Invisible Cities- Uwi no okuyama
1. The persistence of memory
Uwi has been the capital city for well over a millennium. Parts have fallen to earthquakes, parts to fire, parts to the invasion of the nomad Wan who destroyed great stretches of the city and razed the Imperial Palace itself. The citizens rebuild everything in exact facsimile, so that even now the city appears as it did a thousand years ago. There are no 'new' buildings in Uwi.
Equally, there are no new people. The faces you see on the street are those you find in wooden statues of medieval abbots, enshrined in temples, or picture scrolls of court nobles from a thousand years ago, preserved in museums. Everyone is a copy of some distant ancestor. Perhaps this is why the inhabitants seem to lack the individuality and selfness that is found in newer, rawer cities. Their expressions are serene, their emotions ordered and predictable; in all situations they react as the ancestors whose faces they wear reacted centuries ago. Emotion is indicated according to a silent code so innate that people can't describe it: full-scale rage by a tightening of certain facial muscles, overwhelming joy by the widening of an eye.
Amongst the oldest families, emotions need not be expressed at all. Everyone knows what a person must feel in any given situation, so the existence of that feeling is taken for granted.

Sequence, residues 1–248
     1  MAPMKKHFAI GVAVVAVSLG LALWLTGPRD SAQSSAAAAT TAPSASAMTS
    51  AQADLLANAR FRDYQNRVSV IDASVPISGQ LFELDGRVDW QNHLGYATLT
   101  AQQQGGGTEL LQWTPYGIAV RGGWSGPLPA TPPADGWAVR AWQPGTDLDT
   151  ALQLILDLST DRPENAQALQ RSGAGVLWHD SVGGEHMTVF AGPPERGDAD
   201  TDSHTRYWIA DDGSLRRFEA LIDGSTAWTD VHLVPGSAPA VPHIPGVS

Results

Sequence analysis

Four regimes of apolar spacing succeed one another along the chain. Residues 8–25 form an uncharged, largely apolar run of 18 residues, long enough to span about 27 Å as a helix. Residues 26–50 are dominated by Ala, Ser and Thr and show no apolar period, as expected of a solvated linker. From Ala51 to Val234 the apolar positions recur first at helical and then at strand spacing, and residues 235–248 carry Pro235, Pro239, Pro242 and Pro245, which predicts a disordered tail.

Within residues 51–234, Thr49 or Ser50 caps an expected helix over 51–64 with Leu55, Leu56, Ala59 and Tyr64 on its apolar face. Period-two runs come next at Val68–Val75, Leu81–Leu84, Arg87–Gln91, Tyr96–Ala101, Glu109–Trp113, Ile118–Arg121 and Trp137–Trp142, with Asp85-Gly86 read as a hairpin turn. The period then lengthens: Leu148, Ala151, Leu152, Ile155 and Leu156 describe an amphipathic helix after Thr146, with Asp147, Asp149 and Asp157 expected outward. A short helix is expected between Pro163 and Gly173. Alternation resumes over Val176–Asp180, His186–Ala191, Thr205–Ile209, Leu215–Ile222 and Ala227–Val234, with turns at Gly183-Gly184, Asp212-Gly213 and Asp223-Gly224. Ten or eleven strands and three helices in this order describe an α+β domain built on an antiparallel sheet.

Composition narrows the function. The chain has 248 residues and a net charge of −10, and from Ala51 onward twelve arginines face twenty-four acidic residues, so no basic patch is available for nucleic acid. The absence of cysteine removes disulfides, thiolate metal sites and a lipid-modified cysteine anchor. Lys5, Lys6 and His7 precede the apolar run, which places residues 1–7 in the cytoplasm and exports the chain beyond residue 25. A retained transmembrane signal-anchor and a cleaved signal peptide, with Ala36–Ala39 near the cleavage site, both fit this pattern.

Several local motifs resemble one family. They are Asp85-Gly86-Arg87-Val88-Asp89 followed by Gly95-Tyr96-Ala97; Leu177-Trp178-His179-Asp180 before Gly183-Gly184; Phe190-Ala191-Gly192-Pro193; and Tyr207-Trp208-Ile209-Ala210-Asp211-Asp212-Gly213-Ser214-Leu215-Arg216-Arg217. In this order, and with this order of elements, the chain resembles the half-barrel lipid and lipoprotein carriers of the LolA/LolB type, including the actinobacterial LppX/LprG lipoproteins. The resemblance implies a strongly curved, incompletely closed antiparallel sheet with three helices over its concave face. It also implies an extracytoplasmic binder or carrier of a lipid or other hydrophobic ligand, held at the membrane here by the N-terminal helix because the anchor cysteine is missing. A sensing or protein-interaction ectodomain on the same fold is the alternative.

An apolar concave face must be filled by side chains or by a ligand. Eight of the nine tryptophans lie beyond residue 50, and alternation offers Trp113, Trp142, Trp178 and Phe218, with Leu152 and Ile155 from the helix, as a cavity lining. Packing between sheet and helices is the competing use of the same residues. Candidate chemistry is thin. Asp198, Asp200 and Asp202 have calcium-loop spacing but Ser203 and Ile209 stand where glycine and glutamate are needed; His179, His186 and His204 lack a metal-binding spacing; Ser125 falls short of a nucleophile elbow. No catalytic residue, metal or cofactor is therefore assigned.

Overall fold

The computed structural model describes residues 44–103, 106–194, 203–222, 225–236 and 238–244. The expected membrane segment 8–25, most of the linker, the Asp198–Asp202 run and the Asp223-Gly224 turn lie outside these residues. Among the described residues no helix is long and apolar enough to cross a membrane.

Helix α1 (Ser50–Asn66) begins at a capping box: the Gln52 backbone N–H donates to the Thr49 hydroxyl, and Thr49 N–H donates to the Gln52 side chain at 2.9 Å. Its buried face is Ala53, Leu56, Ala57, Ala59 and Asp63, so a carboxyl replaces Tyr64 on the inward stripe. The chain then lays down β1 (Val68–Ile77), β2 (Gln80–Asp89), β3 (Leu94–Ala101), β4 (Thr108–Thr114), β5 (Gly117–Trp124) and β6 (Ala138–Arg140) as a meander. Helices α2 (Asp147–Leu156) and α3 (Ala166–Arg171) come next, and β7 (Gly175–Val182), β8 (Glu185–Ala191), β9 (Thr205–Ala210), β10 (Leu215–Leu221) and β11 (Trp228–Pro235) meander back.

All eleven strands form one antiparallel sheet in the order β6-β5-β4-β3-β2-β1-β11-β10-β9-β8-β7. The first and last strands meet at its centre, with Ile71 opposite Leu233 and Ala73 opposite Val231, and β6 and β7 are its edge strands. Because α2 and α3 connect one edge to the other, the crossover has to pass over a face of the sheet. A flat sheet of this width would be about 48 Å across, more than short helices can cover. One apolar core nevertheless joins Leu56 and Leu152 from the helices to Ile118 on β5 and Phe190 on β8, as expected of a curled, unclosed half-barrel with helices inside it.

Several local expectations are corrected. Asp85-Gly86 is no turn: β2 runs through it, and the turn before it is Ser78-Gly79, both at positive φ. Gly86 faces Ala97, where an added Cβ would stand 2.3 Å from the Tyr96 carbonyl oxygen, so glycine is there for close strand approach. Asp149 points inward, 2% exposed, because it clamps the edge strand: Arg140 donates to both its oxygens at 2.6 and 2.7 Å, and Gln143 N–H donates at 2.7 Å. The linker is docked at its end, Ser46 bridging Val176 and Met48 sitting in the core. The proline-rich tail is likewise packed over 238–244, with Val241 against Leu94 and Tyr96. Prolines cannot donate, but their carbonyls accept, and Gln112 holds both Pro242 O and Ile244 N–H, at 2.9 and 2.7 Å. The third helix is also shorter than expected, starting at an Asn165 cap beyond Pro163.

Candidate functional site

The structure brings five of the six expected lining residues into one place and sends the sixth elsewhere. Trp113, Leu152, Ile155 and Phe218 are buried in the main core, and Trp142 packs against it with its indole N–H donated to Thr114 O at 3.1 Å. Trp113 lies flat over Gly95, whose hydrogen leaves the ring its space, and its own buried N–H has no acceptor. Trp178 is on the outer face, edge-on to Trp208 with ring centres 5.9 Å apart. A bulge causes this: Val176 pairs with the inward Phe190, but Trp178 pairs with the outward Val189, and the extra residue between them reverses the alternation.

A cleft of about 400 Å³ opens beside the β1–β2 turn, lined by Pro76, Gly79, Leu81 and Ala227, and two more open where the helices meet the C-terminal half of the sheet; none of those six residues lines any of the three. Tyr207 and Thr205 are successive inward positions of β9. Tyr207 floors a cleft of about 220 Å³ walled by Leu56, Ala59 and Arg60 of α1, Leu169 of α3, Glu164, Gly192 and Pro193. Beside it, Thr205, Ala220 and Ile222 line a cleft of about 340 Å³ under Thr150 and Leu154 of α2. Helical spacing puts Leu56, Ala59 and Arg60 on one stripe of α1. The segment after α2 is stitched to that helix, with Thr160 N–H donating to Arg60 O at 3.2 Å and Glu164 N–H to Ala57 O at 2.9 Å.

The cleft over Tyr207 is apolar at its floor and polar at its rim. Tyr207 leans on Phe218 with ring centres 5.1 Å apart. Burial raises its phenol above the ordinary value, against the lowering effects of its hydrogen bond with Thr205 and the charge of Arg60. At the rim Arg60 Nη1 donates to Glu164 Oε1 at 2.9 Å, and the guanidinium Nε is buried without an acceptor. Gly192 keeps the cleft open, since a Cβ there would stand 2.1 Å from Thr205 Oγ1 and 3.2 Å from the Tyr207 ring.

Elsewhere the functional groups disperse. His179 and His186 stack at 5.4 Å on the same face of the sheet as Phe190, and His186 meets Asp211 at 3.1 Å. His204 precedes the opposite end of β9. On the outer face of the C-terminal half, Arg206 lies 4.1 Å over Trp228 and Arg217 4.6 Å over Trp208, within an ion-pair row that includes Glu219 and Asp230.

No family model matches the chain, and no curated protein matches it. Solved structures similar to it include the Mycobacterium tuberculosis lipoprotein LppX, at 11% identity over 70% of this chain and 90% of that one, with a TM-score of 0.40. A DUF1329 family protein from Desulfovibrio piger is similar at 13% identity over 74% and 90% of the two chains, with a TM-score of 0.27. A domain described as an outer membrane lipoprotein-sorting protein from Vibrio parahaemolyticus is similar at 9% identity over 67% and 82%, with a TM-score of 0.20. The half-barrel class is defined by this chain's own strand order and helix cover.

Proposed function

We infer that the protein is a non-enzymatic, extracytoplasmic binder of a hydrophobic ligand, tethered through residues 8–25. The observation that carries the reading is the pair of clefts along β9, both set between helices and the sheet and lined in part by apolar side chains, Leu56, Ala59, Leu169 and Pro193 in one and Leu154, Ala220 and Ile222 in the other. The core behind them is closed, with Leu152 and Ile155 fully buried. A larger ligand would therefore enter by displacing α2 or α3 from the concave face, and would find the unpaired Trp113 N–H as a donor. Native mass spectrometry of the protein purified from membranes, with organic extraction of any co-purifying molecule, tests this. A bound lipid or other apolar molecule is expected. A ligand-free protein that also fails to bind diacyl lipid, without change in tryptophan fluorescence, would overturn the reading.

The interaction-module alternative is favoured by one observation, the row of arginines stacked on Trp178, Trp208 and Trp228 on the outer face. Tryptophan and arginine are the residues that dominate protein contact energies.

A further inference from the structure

2. The Grand Avenue
Though only the upstart capital of a small island country, vainglorious Uwi was built to be an exact copy of the magnificent imperial city of the continent. But to judge by the scale of streets and buildings, the mainlanders must have been giants: or possibly the builders of Uwi misread the figures of the court records. The Grand Avenue between the Phoenix Gate and the Imperial Palace was so wide it took the fourth part of a watch for an ox-drawn carriage to cross from one side to the other. (We won't mention the day's expedition needed to reach the palace from the lower streets near the Gate.) Thus Uwi was divided from itself by the very thing built to unite it. The east half of the city became the residence of nobles, whose palaces and gardens turned much of it into parkland. The west became the haunt of thieves and labourers and runaway slaves who, in contrast, built their homes huddled close together from fear of the dark, and wild beasts out of the hills, and each other. At one point crossing barriers were erected in the middle of the Grand Avenue and tolls exacted from those seeking to cross into the other city. These barriers, and much else, were destroyed when the barbarians came, riding their swift horses straight up this thoughtfully direct route to the royal treasures.